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Types of Motors – Classification of AC, DC and Special Motors

Date:2023-07-25   Author:XINDA MOTOR

An electric motor is a machine that converts electrical energy into mechanical energy. It is used to generate torque to lift loads, move objects and various other mechanical jobs. In the following article, we will discuss about different types of motors such as AC, DC and special types of motors etc.

There are three main types of electric motors.

1. AC motor

2. DC motor

3. Special motor

AC motor

AC motors convert alternating (alternating current) electrical energy into mechanical energy. These motors are powered by either single-phase or three-phase alternating current. The basic working principle of an AC motor is the rotating magnetic field (RMF) generated when alternating current passes through the stator windings. The rotor (with its own magnetic field) follows the RMF and starts spinning.

AC motors are further divided into two types.

synchronous motor

asynchronous or induction motor


synchronous motor

As the name suggests, this type of AC motor has a constant speed called synchronous speed, which depends only on the frequency of the mains current. The speed of this type of motor varies only with the supply frequency and remains constant as the load varies. It is used for constant speed applications and precision control.

A synchronous motor has the same stator design as an asynchronous motor, which produces a rotating magnetic field when supplied with an input alternating current. Although the rotor design may vary i.e. it uses a separate DC excitation to generate its own magnetic field.

Excited synchronous motor

Such synchronous motors require DC excitation. DC excitation means that the rotor has a separate DC power source to generate its own magnetic flux. This flux reacts with the rotating flux of the stator to generate rotation. A wound rotor with a commutator and brush assembly is used to supply current to the windings of the rotor.

single phase synchronous motor

This type of synchronous motor operates on a single-phase AC power supply. To be precise, it actually uses two phases, the second phase being derived from the first. The reason for using two phases is that a single phase cannot generate a rotating magnetic field. This motor can be started in either direction, i.e. its direction is indeterminate, that's why there is an additional starting arrangement for giving it a direction.

The speed of such a motor depends only on the power frequency. They are used in recording instruments, electronic wall clocks.

three-phase synchronous motor

These synchronous motors run on three-phase power. The benefit of three-phase alternating current is that it produces a rotating magnetic field in the stator, and the alignment of the phases determines the direction of rotation. These motors do not require any special actuation mechanism to determine their direction. However, the rotor still requires an additional DC power source for excitation.

They are used in industrial applications that require constant speed over a range of loads and precise positioning in robots.

non-excited synchronous motor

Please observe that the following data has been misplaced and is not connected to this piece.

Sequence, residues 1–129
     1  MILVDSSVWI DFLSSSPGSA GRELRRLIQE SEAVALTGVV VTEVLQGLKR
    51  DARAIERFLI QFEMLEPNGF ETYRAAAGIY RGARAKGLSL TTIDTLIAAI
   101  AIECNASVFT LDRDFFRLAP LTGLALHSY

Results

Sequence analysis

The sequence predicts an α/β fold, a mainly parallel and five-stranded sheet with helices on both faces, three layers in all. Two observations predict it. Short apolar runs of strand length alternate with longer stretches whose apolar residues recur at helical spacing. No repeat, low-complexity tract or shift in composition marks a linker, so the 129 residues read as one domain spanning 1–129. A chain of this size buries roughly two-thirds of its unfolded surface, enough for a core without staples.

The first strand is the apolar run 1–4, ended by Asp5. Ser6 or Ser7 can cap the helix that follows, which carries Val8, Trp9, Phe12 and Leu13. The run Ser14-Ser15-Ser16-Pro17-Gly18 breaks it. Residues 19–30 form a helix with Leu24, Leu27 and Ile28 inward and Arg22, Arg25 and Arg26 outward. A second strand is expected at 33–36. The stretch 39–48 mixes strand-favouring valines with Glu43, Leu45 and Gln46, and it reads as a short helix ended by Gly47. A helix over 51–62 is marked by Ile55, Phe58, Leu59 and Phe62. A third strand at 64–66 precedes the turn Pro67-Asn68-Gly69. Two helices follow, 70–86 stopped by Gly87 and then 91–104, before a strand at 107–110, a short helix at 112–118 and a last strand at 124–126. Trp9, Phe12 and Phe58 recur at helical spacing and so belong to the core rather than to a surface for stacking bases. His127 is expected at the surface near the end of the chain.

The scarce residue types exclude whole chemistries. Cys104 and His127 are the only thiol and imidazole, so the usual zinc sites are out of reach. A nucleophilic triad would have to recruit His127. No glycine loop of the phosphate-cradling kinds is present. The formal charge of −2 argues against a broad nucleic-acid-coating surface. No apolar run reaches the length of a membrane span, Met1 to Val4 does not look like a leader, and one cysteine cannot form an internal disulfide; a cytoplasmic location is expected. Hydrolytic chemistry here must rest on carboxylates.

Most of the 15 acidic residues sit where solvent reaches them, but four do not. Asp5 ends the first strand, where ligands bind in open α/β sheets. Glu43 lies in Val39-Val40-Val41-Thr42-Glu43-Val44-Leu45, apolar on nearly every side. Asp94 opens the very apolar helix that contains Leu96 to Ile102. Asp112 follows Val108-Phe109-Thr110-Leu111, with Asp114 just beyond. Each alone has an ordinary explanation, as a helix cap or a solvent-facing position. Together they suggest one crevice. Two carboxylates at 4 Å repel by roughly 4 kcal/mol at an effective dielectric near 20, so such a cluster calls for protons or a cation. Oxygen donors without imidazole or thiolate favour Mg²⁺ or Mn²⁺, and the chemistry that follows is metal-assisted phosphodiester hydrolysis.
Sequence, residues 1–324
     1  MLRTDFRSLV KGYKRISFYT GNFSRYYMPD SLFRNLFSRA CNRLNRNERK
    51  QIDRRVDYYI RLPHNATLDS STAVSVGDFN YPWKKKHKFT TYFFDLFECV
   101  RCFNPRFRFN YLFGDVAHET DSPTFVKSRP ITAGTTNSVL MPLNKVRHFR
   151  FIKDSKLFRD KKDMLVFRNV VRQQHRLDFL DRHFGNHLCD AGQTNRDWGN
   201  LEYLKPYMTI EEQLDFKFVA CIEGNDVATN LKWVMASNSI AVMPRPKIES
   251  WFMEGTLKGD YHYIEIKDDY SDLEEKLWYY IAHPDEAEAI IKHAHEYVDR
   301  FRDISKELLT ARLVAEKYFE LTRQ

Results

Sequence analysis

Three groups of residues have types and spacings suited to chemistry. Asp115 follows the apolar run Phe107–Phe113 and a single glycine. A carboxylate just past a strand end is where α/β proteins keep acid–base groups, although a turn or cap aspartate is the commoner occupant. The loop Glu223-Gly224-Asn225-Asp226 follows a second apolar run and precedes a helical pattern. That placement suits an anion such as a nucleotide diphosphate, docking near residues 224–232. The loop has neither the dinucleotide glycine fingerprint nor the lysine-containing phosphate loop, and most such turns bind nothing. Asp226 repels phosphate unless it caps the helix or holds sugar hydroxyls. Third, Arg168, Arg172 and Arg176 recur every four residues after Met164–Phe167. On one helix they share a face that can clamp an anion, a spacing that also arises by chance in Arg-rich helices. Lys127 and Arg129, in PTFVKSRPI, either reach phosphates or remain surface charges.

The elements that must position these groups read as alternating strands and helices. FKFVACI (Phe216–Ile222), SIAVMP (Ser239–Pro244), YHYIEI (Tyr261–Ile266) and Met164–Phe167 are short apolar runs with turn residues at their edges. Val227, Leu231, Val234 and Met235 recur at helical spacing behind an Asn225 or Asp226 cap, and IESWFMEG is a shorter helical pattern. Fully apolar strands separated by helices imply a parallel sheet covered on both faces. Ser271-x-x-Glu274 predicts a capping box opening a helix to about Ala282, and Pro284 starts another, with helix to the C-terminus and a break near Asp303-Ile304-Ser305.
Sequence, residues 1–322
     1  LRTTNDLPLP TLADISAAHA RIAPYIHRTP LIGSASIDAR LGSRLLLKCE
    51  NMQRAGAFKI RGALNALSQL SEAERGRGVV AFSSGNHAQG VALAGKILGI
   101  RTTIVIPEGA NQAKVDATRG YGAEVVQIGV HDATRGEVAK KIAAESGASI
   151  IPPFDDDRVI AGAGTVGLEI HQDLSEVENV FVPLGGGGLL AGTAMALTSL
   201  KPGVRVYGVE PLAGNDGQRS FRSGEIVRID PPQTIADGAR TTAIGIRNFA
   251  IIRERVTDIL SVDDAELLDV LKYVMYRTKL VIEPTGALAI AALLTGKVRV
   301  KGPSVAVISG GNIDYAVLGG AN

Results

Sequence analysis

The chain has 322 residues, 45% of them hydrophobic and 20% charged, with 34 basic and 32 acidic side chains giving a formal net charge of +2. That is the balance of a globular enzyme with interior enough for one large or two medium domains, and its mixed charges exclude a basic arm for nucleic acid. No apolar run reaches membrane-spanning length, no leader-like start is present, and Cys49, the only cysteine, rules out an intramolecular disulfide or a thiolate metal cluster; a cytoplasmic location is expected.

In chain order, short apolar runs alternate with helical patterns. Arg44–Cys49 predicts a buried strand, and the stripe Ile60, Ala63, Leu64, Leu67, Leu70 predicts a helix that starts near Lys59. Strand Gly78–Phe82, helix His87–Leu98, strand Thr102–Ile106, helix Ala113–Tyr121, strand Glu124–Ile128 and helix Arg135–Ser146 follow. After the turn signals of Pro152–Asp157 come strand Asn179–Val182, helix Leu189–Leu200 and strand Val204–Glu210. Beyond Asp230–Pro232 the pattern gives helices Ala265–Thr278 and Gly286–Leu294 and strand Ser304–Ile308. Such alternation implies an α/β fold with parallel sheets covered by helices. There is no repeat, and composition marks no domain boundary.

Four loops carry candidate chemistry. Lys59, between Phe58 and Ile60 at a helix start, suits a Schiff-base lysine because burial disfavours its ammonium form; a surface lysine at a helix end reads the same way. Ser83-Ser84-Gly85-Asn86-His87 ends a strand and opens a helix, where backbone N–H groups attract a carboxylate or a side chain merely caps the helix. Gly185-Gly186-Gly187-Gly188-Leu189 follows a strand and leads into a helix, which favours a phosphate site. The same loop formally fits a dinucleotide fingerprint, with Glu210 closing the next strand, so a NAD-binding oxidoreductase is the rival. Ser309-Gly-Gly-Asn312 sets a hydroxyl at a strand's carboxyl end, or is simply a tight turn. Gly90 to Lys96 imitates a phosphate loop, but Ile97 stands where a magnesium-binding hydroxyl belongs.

This kind of synchronous motor that does not require DC excitation, that is, the rotor does not need a separate DC power source to generate magnetic flux. They use a squirrel-cage rotor, such as those used in induction motors.

Hysteresis motor

This type of synchronous motor operates on the principle of hysteresis losses or residual magnetism occurring in the rotor. This type of motor operates on single-phase and three-phase AC power. In a single phase hysteresis motor, as in a reluctance motor, there is an auxiliary winding next to the main winding. Cylindrical rotors are made of ferromagnetic materials such as hardened steel with high magnetic retention or hysteresis loss. The rotor is supported by a non-magnetic shaft.

The motor starts as an induction motor. The rotating magnetic field of the stator induces eddy currents in the rotor. Due to the high hysteresis loss characteristic of the rotor material, the eddy currents together with the hysteresis torque generate torque. Due to the eddy current torque, the motor behaves as an induction motor.

Once the motor reaches a near-synchronous speed, the rotating magnetic field of the stator pulls the rotor synchronously. Due to the RMF of the stator, the ferromagnetic nature of the rotor produces opposite poles and it begins to behave as a permanent magnet. At these speeds, there is no relative motion between the stator and rotor. So no induction. Therefore, there is no eddy current or eddy torque. Due to hysteresis, the motor produces torque at synchronous speed, which is why it is named hysteresis motor.

The main advantage of a hysteresis motor is that it is brushless and has no windings inside the rotor. It doesn't make any noise and runs quietly.

reluctance motor

It is a single-phase synchronous motor that works on the basis of reluctance to generate torque. There are two types of stator windings, primary and auxiliary. Auxiliary winding for starting the motor. It has a squirrel-cage rotor (no windings), like an induction motor made of ferromagnetic material.

The motor starts like an actual single phase induction motor using the auxiliary winding. Once the motor reaches near synchronous speed, the auxiliary winding is disconnected and the rotor is locked into sync as the ferromagnetic nature of the rotor tries to hold itself within the rotating field where there is less reluctance.